That’s one of the major differences to keep in mind when running your own music business vs. a more traditional job. In more traditional jobs, you can sometimes allow yourself to get complacent and you still continue to get paid whether you’re growing or not.
When you are running your own business, especially in the music industry, you need to be willing to adapt and grow. An unwillingness to adapt is a huge reason why most musicians don’t find success because they get stuck in their own way.
Where I would have gotten nervous about something changing in the music industry that could stifle Taylor’s success, she would embrace it and changed her business model along with the industry changes, which is why she’s always been able to keep her business growing year after year.
Now onto my next big fear…
Fear #3: What if something happened and she lost all her income overnight?
So at a certain point I couldn’t deny that Taylor was making a great living, but I couldn’t stop thinking “what if something happened and she lost her money overnight?”
This fear was actually pretty crazy looking back on it now.
If I had my way in the beginning of Taylor’s career, she would’ve been working for General Motors in Detroit, which is where she worked as an intern one summer during college. Well, as you might remember back in 2009, GM filed for bankruptcy and thousands of people lost their “safe” jobs overnight.
Oddly enough, this was right around the same time Taylor would have been working there if she had followed my advice about pursuing a “safe” career path.
What’s crazier is during the rough economic years following 2009 (The city of Detroit itself filed for bankruptcy in 2013), while everyone was having a hard time finding a job, or losing their jobs overnight, Taylor built a fulfilling 6-figure business.
The funny thing is, Taylor and I did eventually have to deal with my big fear of losing income overnight, but it wasn’t from her career, it was from mine.
Taylor’s Music Business Came to My Rescue
So back in 2017 I was working as a software engineer at a health technology start-up, which I recognize wasn’t the most stable job choice. However, I think if you told your family you were an online musician vs a software engineer at a start-up, they would still be way more comfortable with the latter. I know I was.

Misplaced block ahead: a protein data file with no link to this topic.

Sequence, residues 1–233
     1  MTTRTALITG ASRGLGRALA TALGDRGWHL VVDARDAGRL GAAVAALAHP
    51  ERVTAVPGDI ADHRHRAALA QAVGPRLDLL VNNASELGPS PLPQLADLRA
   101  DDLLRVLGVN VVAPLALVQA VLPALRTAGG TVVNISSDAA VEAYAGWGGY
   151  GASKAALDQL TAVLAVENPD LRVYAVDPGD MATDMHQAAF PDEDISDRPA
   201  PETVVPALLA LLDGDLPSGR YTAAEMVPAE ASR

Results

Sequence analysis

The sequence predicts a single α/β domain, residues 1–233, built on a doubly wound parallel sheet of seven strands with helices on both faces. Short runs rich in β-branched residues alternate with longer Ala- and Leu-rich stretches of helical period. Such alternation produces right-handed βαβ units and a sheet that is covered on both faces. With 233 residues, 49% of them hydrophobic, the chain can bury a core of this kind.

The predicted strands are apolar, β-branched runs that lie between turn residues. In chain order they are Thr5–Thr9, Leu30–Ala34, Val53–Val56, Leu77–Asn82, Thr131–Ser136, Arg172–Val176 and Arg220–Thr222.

Well, one random Monday I went into the office thinking everything was fine, only to find out that most of the employees were being laid-off. No warning, 1 week severance, and that was it. I was suddenly unemployed overnight.
Taylor’s stable music business came to my rescue in the end. With how she set up her business this sort of thing can’t happen to her because she earns money from a number of different sources. When you have multiple income streams, you can’t lose everything overnight.
With a traditional job money comes from 1 spot. If anything happens to your company, you’re out of luck. The variety of income streams available to independent musicians can make that type of career even more stable than a traditional 9-5 job.
We Are Both on the Safe Career Path Now
So after almost a decade of worrying and questioning Taylor’s career move I finally did what I should have done in the beginning and decided to join her as her business partner.
I finally came to realize that my doubts about this career path were mostly founded on this false sense of security from a 9-5 job and a number of fears that I should have never been worrying about. Now, I honestly couldn’t be happier with both of our career choices.
The bottom line is that you can have an online music business and make a reliable, fulfilling living. You just need to have the right plan to get you there, and that’s what we are here to help you do. I’m sure you have plenty of people in your life who are just like I was, but you’ll prove them wrong